My interest in American literature is the in part due to the slow-birth of textual alliances such as these two works that oppose results-based or conceptual works.  While identity politics increasingly sub-divides groups according to traits with labels that sometimes form such splintered patterns that they merely invite the advance of newly emerged crevices to shatter identity anew. Sometimes identity services a form of further stolen flexibility from within the bounds of ‘human.’ The increasing specificity of categorized personhood is a symptom of the neo-liberal agenda of individualism.  American authors set themselves apart from one another through ever-smaller categorizations, and they have perfected the art of identifiable personhood by epitomizing individuation. Our canonical figures are each distributed as iconoclasts of some sort, symbolized for their distinguishable traits or habits. However, in works of commemoration, we see a gesture that slightly evades such individualism.

In works of commemoration, the smallest form of collectivity that one could possibly invoke—a pact between one living author and one dead—comes to life in full spectral resilience.  Each poet who commemorates digs up a grave and invites the corpse into an intimate consummate exchange.  What necrophilia! And yet, it gives us hope to see some sort of combined effort that is glorified as such.  Whatever its feeble form may suggest, it is still a form of that ever-persecuted elephant in the room of American politics, the collective. This poetic weed is bound to rise, in spite of the fact that the U.S. government all but disallows its own unity as a collective body for the sake of the neo-liberal agenda.  In my opinion, writer’s commemorations form a hidden, American, guerrilla formation of solidarity against the shadow looming overhead.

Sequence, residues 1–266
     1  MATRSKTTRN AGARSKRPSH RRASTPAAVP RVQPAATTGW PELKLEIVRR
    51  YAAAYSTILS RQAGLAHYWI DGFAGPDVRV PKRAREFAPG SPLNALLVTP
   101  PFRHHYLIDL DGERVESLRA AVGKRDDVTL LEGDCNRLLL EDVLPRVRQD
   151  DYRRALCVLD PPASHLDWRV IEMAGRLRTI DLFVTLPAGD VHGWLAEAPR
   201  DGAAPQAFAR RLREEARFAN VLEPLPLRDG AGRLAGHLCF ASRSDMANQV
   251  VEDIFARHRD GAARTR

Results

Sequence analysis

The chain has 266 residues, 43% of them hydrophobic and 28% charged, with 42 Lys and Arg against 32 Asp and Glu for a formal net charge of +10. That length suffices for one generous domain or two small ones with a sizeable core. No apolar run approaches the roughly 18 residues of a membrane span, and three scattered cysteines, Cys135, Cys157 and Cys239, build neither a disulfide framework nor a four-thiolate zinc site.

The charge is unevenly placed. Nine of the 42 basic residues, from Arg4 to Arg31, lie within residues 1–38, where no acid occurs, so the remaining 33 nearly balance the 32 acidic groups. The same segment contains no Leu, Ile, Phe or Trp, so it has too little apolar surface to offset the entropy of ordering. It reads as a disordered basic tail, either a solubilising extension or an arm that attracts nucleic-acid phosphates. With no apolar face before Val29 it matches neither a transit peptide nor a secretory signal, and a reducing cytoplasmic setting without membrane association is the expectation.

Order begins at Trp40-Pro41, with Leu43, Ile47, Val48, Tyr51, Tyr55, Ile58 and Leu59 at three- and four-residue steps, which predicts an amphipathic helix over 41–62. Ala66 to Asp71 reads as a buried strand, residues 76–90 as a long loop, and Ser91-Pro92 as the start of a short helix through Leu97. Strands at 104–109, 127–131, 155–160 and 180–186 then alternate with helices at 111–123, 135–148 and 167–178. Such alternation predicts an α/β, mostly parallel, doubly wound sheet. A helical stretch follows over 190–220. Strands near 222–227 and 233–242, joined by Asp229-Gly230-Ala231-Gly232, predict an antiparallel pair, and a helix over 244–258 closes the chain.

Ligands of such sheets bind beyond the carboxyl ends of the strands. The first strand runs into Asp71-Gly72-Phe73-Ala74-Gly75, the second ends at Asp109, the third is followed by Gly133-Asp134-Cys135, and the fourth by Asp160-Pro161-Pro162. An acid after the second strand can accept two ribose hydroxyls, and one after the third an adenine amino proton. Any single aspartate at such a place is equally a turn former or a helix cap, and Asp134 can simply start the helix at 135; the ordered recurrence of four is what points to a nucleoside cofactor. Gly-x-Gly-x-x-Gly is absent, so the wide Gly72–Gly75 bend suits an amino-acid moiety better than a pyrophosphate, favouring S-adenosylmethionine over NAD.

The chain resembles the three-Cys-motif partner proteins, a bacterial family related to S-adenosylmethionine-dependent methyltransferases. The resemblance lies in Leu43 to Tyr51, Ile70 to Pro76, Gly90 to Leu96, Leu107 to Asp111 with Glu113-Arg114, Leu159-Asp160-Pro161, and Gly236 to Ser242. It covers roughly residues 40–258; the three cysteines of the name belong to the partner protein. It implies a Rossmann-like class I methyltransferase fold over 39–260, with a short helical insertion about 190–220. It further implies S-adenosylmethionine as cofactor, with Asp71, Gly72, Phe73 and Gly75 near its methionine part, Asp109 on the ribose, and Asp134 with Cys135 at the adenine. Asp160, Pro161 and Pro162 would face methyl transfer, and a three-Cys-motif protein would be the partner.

Furthermore, Susan Howe’s “path-finding” metaphor found in one of her most thought provoking texts, “Birthmark: unsettling the wilderness of American poetics,” expresses the simultaneous condition of loss and being lost that seems to mark a wide range of American experimental texts.  It is important to note that the underpinnings of this condition apply to the sense of separation that occurs for all moving persons, normally due to political unrest. This movement produces confusion not only about space, but also about purpose when the past and future no longer make ‘sense.’ The unsettling global movements of such an assemblage of people that the United States represents, and the proliferation of abandonment, exile, and unrest that fuels each movement, finds a less bleak, but no less troubling expression in the manic desire to succeed expressed by the catch phrase “American Dream.”

Howe revels in this confusion, and she claims its identity as feminine.  She traces this theme back in time to one of the documents of English textual history in the United States, in the Antinomian Controversy, when Anne Hutchinson’s over-pious “enthusiasm” for radical faith-based Puritanism threatened the church leaders’ sanctioned authority, and she was therefore punished by banishment into wilderness: the convenient wall-less prison devised by the courts of early American settlers. Nature, God, or natives would thereby do the work of punishment that each sentence of exile implied, in the minds of the persecutors. We should never forget how American settlement was in part spawned by a chain reaction of westward moving religious exiles. The puritans were purged from England to Boston, and they continued only to purge their own dissidents further west.